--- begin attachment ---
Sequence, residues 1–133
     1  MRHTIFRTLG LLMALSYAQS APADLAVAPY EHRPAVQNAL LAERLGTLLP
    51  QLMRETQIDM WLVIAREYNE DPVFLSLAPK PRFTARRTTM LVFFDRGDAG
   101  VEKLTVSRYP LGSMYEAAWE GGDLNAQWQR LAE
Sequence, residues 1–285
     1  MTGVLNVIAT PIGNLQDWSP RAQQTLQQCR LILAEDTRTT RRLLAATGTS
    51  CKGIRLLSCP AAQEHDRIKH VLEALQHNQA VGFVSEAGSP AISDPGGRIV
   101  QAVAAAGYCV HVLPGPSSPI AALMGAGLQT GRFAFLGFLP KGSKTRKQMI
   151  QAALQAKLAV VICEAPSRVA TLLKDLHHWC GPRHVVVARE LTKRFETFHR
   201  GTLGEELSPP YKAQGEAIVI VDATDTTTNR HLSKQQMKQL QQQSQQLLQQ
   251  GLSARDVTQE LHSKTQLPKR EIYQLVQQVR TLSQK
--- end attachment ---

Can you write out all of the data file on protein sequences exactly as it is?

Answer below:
Sequence, residues 1–133
     1  MRHTIFRTLG LLMALSYAQS APADLAVAPY EHRPAVQNAL LAERLGTLLP
    51  QLMRETQIDM WLVIAREYNE DPVFLSLAPK PRFTARRTTM LVFFDRGDAG
   101  VEKLTVSRYP LGSMYEAAWE GGDLNAQWQR LAE
Sequence, residues 1–285
     1  MTGVLNVIAT PIGNLQDWSP RAQQTLQQCR LILAEDTRTT RRLLAATGTS
    51  CKGIRLLSCP AAQEHDRIKH VLEALQHNQA VGFVSEAGSP AISDPGGRIV
   101  QAVAAAGYCV HVLPGPSSPI AALMGAGLQT GRFAFLGFLP KGSKTRKQMI
   151  QAALQAKLAV VICEAPSRVA TLLKDLHHWC GPRHVVVARE LTKRFETFHR
   201  GTLGEELSPP YKAQGEAIVI VDATDTTTNR HLSKQQMKQL QQQSQQLLQQ
   251  GLSARDVTQE LHSKTQLPKR EIYQLVQQVR TLSQK